How big-government conservatism brought down the republican revolution
For conservatives generally and the Republican Party in particular, now is a time of intense soul searching. For the first time in a dozen years, Republicans have lost control of Congress. As a result, they are being forced to re-examine who they are and what they stand for.
It’s about time says Michael Tanner of the Cato Institute. It’s more than a decade since Bill Clinton proclaimed that ‘the era of big government is over’, yet, since then, government has grown far bigger and far more intrusive. It spends more, regulates us more, and reaches far more into our daily lives than it did before the Republican Revolution.
Behind this alarming trend stands the rise of a new breed of big government conservatism – one that believes big government can be used for conservative ends. It is a conservatism that ridicules F A Hayek and Barry Goldwater while embracing Teddy and even Franklin Roosevelt. It has more in common with Ted Kennedy than with Ronald Reagan.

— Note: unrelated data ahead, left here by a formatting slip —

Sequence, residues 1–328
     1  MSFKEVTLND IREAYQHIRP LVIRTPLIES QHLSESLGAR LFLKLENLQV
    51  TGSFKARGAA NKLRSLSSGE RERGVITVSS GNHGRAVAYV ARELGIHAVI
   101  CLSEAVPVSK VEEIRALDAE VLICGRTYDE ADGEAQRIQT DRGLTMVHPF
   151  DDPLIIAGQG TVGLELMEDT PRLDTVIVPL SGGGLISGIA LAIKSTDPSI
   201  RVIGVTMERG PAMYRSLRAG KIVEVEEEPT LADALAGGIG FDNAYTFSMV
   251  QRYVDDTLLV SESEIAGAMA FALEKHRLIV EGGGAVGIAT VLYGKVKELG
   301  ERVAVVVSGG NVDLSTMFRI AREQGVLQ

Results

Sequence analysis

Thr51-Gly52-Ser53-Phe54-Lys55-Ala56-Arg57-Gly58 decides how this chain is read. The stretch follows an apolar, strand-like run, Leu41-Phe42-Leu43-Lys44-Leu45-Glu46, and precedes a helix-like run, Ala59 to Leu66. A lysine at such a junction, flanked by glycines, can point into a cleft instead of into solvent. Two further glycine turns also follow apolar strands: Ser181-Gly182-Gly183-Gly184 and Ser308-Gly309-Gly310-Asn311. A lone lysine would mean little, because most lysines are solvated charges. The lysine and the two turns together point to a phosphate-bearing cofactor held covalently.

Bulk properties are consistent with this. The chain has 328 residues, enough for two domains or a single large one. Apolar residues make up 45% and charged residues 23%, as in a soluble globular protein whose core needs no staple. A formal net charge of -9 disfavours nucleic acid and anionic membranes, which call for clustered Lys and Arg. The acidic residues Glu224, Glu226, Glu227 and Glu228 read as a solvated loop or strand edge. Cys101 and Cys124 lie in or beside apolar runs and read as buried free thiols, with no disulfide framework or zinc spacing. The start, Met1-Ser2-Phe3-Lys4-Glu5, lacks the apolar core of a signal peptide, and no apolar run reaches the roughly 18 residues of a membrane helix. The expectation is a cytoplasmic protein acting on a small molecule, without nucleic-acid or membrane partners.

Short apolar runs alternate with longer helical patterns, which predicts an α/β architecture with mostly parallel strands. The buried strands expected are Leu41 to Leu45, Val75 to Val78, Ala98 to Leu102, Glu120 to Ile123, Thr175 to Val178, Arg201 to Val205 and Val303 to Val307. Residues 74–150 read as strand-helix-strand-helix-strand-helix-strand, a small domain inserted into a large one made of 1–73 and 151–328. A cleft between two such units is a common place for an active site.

Leviathan on the Right provides an incisive analysis of the roots and core beliefs of big-government conservatism and the major currents that fuelled its growth – neoconservatism, the Religious Right, supply-side economics, national greatness conservatism, and Newt Gingrich style technophilia, and offers a detailed critique of its policies on a wide range of issues.
Leviathan on the Right is a clear warning that, unless conservatives return to their small-government roots, the electoral defeat of 2006 is just beginning.
“Leviathan on the Right” is a rational and in-depth look at the evolution of the Republican Party and government expansion. Tanner shines a badly needed spotlight on the Republican Party’s departure from true conservative ideals. This is a must-read for anyone who truly believes that less government is better government. Rep Mike Pence
Published by the Cato Institute
2007, ISBN 978 1 933995 00 7, 320pp, HB